Just One Drop?

I’ve gotten used to some of the most common reactions people have to their treatment, as well as to the concepts I explain to them in order to make sense of it. The dropper bottle remedies prescribed to patients often come with the instruction to “take 1 drop every day”. “Just One Drop!??!??” is one of the most common reactions to this instruction, as a way of saying “are you sure that one drop will be enough to have an effect on my health condition?”


The challenge at this point is that most patients, even the more alternatively-minded ones, are stuck in the belief system of materialism, meaning that the only things which can be considered ‘real’ are those things which are composed of matter (atoms and molecules, for example). Within such a material mindset, the only logical conclusion if something is ‘good’, is that “more is better”. And so, the conclusion tends to be that one drop of the homeopathic remedy couldn’t be enough, since it is such a tiny quantity.

To understand at least some of what the issue is behind this, we need to look at what a homeopathic remedy is in terms of bio-physics. Rather than trying to understand the effect of a remedy as an interaction of matter in the body (which isn’t what is happening), we point out that it is a bio-energetic, rather than a bio-chemical action. Bio-energy (ie ‘life’ energy, or ‘orgone’ energy) exists, as Dr. Reich pointed out, before matter, rather than after matter, and does not work on the basis of quantity, but rather quality.

This is a necessary level to work at in the treatment of disease, as the root of disease, itself, is also bio-energetic, and any of the symptoms which are produced by a disease may have visible, material component, but are not actually the disease itself. (This is another great point of education of patients — to learn the difference between treating symptoms versus treating the actual disease itself.)

Allyson McQuinn, in her book The Path To Cure, described a moment at the beginning of her treatment when just “1 drop” of her emotional support remedies literally floored her (if you’ve read this book, you’ll remember the scene where she was confined to the kitchen floor as she worked through this first healing reaction). After having such a visceral experience, I can tell you that she has never again had the thought that 1 drop of a remedy couldn’t possibly be enough.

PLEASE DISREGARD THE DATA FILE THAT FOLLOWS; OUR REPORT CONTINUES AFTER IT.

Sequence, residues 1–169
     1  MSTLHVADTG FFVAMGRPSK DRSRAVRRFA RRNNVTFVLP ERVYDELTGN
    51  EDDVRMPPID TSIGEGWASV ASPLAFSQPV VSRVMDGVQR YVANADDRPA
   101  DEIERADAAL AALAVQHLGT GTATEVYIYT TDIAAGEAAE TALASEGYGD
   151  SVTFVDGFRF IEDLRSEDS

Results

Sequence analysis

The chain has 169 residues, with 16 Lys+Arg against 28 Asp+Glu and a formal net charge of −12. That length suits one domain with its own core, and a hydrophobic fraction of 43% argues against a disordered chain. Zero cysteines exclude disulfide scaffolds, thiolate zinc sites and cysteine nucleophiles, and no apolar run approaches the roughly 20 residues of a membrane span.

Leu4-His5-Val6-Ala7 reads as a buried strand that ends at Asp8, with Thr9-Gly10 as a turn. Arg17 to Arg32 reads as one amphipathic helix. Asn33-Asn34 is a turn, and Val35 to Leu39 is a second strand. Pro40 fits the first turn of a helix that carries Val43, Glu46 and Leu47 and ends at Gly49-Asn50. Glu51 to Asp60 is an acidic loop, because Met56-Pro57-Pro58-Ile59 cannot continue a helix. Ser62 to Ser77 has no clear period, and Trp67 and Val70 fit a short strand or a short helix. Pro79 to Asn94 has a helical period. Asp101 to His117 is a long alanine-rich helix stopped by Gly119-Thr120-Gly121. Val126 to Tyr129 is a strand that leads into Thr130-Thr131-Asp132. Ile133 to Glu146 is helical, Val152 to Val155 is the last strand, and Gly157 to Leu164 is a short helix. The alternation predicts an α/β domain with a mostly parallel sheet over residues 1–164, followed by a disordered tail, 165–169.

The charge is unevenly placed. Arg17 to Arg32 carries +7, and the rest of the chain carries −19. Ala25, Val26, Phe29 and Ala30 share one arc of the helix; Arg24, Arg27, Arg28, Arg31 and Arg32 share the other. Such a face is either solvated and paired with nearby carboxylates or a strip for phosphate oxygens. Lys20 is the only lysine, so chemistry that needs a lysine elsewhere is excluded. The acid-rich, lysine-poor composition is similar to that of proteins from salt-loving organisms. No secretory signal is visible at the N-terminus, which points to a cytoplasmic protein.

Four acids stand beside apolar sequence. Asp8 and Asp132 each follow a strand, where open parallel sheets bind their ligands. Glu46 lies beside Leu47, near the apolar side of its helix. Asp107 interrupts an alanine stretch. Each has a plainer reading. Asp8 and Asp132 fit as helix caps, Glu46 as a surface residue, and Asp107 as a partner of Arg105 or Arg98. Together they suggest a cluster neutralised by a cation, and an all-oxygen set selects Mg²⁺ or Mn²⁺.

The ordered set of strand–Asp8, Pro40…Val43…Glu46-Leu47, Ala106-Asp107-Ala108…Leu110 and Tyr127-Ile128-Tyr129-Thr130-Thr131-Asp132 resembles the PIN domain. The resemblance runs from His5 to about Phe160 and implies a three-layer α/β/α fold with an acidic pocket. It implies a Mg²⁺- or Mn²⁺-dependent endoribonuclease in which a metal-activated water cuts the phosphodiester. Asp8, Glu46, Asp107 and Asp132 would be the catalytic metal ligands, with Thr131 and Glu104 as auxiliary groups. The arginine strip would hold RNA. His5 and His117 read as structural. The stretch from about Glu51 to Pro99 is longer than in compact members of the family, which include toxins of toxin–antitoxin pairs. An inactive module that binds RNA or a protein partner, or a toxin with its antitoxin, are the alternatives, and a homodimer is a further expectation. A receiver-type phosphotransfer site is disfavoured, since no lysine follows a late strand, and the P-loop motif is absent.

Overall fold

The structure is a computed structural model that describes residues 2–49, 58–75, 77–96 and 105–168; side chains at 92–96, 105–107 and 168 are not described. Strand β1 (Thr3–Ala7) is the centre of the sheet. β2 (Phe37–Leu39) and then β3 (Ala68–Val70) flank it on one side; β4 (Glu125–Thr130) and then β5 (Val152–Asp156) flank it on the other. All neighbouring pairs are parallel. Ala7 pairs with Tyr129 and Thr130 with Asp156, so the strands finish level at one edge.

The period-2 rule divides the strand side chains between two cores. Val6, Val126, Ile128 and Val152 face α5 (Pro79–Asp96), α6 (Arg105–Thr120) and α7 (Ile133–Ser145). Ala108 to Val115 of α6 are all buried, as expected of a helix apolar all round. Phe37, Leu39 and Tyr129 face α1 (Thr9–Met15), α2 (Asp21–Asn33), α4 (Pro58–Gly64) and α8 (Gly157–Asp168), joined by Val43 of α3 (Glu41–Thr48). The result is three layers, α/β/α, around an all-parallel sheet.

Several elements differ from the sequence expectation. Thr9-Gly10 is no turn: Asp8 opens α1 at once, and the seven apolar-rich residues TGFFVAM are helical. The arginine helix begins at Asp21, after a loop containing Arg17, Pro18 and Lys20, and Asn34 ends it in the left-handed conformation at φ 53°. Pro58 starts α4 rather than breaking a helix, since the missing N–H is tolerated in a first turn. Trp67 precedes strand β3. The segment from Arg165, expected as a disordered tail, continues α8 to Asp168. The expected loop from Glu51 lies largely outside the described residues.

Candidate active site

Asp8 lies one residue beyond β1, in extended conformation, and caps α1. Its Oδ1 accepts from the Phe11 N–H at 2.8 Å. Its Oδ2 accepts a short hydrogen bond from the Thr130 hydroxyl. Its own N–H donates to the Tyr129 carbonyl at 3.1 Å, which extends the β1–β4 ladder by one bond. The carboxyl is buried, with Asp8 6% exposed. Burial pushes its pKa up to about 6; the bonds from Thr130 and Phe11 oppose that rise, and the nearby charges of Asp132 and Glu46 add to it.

What is Your Illness Keeping You From?

How do I make sure to fully diagnosis every aspect of the patient’s health issues? As I’ve written about previously, there are many dimensions of things which can be blockages to our health, including diseases and imbalances. Looking into one aspect of this does not mean that the other dimensions of disease or imbalance will automatically reveal themselves. The process of diagnosis, then, is multi-dimensional, with each dimension being unique and distinct.

The third jurisdiction of Heilkunst (do you remember the difference between therapeutic regimen, therapeutic medicine, and therapeutic education?) is the most multi-faceted, and therefore takes the most diverse approaches to fully diagnose and treat. One aspect of this jurisdiction is in identifying and unravelling a patient’s conflicts which exist between their conscious and subconscious minds. One way in which I begin to open up this area, is by asking the patient how their health condition has changed their life — what has changed and what are they not able to engage with that they wish they could? Or to flip the question around, I could simply ask them what they would do with their life if they had their health back?

I may explicitly ask these questions directly of the patient, of if they don’t yet seem ready to engage in questions at this level, then I’ll seek the answer myself by imagining it based on what I already know about their life, and how they already express themselves about more factual aspects of their health condition. There can even be subtle clues in the language which they use to describe their symptoms, and the feeling which they describe it with. One patient may have a very sad tone when describing their condition, while another may be much more irritable.